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Aokigaraha

Nearly 125 years have passed since Oscar Wilde, in his essay The Decay of Lying suggested

that, "Life imitates art more than art imitates life." It's a fair point but logic can burst it at

the seams with ridiculous ease. The subject here shows why.

 

The eleventh James Bond novel, 'You Only Live Twice' was published in Great Britain on

the 26th March 1964. The reading public eagerly awaited it and it soon sold out. Just as an

aside, it was also the last of Ian Fleming's books to be published during his lifetime.

 

In 'You Only Live Twice', a jaded Bond, devastated by the cold-blooded murder of his wife

Tracy, is sent to Japan on a do-or-die mission. The head of the Japanese Secret Service,

Tiger Tanaka, wants James Bond to kill a man who, together with his wife, has bought an old

castle and surrounded it with a 'Garden of Death'. Poisonous plants, venomous snakes and

peckish piranha occupy this garden, and Japan's suicides flock there to take their own lives. It

naturally turns out that 'Doctor Guntram Shatterhand' is none other than Ernsta Stavro

Blofeld, accompanied by his wife, the evil Irma Bunt. Bond's established nemeses, who

killed Tracy Bond on her wedding day, obviously get their comeuppance.


This begs a question: from where did Fleming get the idea of a suicides' paradise? Four

years earlier, in 1960, Japanese novelist Seichō Matsumoto released his novel, 'Kuroi

Kaiju' (Black Sea of Trees). The imagination isn't too severely stretched by the notion that

Ian Fleming might have read this book and been inspired by its content.


In 'Kuroi Kaiju', a pair of lovers carries out a suicide pact in a forest at the foot of Mount

Fuji. This leads to the particular forest's becoming a sanctuary for the suicidal. So where did

Matsumoto get his ideas? Here, the plot thickens.


Art, Life or Both?


The distinction between these two works of fiction is that unlike Fleming's Garden of Death,

the forest in Matsumoto's book was real. It still is. However, many believe that the 'Black

Sea of Trees' became a prime suicide spot because the book had made it so. According to

some, copies of Kuroi Kaiju have been found in the forest, near the remains of people who

have committed suicide. Therefore, Life imitates Art.


Or does it? In fact, the forest in question has been associated with death for many years.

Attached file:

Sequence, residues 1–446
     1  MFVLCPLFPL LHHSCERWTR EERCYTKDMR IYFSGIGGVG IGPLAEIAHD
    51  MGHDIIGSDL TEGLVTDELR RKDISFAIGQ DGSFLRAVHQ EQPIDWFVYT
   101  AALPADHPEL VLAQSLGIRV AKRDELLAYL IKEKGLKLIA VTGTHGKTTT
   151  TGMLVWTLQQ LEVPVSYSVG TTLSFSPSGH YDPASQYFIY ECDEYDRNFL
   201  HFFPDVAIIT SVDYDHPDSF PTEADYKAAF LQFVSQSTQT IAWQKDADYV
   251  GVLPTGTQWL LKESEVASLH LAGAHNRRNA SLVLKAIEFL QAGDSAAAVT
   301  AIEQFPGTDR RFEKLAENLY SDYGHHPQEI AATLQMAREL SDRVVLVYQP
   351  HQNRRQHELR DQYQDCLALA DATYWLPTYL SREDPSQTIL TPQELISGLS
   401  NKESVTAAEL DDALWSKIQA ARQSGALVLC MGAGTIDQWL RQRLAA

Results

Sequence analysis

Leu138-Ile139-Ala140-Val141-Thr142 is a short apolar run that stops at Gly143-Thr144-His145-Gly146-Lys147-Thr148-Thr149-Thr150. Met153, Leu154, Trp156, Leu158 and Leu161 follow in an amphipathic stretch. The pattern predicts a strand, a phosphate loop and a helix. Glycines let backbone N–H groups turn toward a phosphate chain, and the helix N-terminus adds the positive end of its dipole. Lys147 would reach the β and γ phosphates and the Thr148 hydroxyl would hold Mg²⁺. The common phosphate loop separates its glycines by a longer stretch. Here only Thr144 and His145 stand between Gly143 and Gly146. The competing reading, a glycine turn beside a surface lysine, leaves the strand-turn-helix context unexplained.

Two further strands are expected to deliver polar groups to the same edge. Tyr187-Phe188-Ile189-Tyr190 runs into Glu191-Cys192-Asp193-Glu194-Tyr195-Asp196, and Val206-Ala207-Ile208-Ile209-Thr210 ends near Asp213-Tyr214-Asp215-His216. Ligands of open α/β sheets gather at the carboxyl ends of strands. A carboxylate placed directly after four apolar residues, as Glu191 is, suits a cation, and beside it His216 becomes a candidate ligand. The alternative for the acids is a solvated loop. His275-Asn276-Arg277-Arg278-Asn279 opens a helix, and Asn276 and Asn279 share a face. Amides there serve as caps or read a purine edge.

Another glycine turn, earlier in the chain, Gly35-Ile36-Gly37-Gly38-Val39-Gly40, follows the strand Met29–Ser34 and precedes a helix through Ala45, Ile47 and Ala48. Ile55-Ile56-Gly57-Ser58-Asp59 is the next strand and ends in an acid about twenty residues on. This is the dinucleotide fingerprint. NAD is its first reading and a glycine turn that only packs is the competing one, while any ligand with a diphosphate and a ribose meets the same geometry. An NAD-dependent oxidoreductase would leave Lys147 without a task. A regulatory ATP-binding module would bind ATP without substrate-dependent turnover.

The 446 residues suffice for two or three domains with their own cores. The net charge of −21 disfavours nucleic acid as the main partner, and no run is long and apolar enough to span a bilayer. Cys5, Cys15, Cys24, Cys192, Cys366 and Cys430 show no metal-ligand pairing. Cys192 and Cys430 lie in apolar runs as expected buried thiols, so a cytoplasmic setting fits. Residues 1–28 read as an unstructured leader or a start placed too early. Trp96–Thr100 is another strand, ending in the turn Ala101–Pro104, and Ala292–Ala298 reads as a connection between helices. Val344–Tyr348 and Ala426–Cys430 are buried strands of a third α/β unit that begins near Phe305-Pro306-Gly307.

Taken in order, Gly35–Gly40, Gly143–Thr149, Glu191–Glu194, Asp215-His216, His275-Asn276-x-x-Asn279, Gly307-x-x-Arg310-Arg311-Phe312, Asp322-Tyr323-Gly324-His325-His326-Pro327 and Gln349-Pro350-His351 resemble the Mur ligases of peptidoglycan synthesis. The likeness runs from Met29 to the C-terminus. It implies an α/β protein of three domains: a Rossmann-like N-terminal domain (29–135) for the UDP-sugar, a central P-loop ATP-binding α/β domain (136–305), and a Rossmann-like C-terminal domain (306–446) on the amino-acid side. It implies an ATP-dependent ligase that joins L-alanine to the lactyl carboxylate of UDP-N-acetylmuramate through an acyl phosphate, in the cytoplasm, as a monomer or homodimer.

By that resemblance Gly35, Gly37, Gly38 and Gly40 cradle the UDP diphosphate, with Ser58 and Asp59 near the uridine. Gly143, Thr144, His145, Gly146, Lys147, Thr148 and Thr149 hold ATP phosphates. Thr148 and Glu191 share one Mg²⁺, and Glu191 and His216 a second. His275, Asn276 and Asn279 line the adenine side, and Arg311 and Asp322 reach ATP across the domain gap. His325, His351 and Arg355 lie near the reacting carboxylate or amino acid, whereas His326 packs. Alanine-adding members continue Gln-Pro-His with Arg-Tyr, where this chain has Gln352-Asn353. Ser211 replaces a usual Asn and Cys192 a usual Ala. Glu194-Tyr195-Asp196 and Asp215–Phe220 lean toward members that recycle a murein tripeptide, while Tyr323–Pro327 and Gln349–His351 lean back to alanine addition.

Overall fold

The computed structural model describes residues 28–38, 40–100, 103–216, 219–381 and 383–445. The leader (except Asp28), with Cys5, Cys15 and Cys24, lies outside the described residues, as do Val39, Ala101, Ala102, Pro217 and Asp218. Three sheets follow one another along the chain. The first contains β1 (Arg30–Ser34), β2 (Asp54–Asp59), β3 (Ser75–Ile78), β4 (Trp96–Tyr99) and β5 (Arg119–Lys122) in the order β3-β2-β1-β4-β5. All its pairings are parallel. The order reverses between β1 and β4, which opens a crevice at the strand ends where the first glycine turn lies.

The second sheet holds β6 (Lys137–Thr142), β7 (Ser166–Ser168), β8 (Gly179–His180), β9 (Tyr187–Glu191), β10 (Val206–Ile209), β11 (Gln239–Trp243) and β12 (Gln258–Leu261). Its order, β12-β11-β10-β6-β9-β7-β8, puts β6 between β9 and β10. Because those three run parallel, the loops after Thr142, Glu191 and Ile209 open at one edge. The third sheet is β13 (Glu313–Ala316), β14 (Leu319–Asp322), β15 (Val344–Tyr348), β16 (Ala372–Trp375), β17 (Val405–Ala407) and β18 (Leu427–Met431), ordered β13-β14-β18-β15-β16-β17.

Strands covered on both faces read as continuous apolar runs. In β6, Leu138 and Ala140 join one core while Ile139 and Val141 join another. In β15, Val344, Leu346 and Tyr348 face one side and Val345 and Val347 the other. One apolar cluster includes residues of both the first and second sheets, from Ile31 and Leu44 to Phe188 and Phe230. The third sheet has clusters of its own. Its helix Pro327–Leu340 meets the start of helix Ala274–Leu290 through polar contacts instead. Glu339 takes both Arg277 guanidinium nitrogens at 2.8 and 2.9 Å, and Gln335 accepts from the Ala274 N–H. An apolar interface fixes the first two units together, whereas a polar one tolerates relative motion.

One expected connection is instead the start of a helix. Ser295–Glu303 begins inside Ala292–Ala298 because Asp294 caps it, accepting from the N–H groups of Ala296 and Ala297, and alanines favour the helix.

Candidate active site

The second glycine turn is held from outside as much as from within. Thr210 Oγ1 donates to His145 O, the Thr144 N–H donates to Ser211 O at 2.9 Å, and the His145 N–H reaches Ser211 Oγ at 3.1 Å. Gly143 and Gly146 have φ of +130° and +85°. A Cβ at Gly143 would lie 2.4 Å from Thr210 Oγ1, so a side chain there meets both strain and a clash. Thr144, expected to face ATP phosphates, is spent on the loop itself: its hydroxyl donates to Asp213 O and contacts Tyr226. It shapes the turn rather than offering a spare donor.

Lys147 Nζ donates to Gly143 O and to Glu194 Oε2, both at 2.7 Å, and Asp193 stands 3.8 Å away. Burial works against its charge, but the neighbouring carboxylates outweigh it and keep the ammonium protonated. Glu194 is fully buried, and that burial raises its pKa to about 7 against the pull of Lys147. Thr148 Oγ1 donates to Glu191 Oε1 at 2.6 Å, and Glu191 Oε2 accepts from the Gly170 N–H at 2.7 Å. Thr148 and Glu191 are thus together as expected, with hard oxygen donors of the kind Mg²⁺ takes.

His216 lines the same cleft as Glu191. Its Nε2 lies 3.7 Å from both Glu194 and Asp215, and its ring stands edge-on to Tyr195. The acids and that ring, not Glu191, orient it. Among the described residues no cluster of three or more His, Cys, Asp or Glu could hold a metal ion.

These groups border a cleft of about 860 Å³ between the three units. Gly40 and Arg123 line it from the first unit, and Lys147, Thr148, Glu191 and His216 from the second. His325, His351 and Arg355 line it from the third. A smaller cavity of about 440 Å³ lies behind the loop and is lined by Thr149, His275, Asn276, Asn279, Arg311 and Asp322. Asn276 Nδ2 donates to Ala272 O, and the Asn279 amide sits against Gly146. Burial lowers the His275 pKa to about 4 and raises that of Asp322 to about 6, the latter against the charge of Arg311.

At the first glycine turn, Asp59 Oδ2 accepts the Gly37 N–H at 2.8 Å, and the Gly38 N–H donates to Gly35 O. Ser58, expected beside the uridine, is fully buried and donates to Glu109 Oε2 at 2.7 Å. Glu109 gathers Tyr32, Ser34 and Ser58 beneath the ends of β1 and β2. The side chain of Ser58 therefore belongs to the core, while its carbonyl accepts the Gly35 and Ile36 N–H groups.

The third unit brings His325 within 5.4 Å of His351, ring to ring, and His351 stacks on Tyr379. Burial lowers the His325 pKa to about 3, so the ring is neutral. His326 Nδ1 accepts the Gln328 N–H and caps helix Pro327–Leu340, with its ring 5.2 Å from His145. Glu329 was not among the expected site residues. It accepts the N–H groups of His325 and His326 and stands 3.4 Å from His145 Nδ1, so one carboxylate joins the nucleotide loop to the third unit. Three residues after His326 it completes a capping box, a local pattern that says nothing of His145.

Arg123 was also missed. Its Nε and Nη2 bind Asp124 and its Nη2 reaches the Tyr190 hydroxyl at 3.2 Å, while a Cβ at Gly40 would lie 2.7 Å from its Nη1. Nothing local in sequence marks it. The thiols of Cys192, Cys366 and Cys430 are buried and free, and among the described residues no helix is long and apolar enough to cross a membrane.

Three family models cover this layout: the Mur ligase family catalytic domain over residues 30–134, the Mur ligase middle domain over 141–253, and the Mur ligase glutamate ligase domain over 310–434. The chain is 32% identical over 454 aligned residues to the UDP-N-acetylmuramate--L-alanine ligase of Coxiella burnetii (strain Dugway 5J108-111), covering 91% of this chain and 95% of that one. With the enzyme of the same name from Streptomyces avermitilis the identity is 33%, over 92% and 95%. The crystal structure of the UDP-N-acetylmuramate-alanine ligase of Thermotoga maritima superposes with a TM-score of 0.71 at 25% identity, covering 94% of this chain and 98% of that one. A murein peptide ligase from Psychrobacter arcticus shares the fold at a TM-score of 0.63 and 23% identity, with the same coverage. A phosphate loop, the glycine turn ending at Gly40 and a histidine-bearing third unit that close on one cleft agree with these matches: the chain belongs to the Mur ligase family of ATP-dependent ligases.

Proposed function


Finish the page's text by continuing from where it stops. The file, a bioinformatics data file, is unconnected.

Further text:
The Japanese have a custom called ubasute ( a.k.a. obasute or oyasute). Literally meaning,

'Abandoning an old woman', ubasute is reputed to have gone for time immemorial, up to

as recently as the 19th Century.


In this practice, an aged, crippled or sick relative would be taken to a remote, isolated place.

There, he or she would be left to the mercy of providence, probably to be carried

off by lack of food and water, and exposure. Though not a particularly common practice,

ubasute was more frequently exercised in periods of famine or drought.


Ubasute has earned a place in Japanese folklore. Legends, sagas and poems involving it are

plentiful. It is also said that the ghosts of those left to perish haunt the places where ubasute

was carried out. These ghosts are believed to be less than content with their fate. In

Japanese, they are called the Yūrei. The name means 'angry spirits.'


This clearly points to Art's imitating Life, in direct contrast to the opinion of Oscar Wilde. Or

is Art imitating Death? It's an arguable point.

 

                                                 fuji

 

It's in the trees…

Around 60 miles south west of Tokyo, Aokigahara Forest stands at the foot of Mount Fuji,

the mountain itself being a spiritual location and a place of pilgrimage. The name

'Aokigahara' translates into English as 'plain green trees'; the forest covers an area of some 14

square miles (35 sq. km.).

 

aoki

 

Perhaps appropriately, Aokigahara is a forbidding place. Its rocky terrain is strewn with

hidden caves. The tree coverage is so dense that even the noonday sun struggles to

penetrate the forest canopy. The irregular, fractured forest floor is covered with gnarled,

tormented vines. It is cold, and with an almost complete lack of wildlife, it is strangely quiet.

Birdsong is a rarity there.

 

                                                           aoki2

 

The density of the vegetation is such that sound cannot travel far in the forest. The area's

underlying volcanic soil is rich in iron. This, it is said, is capable of preventing mobile phones, GPS units

and even compasses from working. The forest's supposed ability to trap visitors may be the

stuff of legend but it can't do anything other than add force to the belief it has brought about.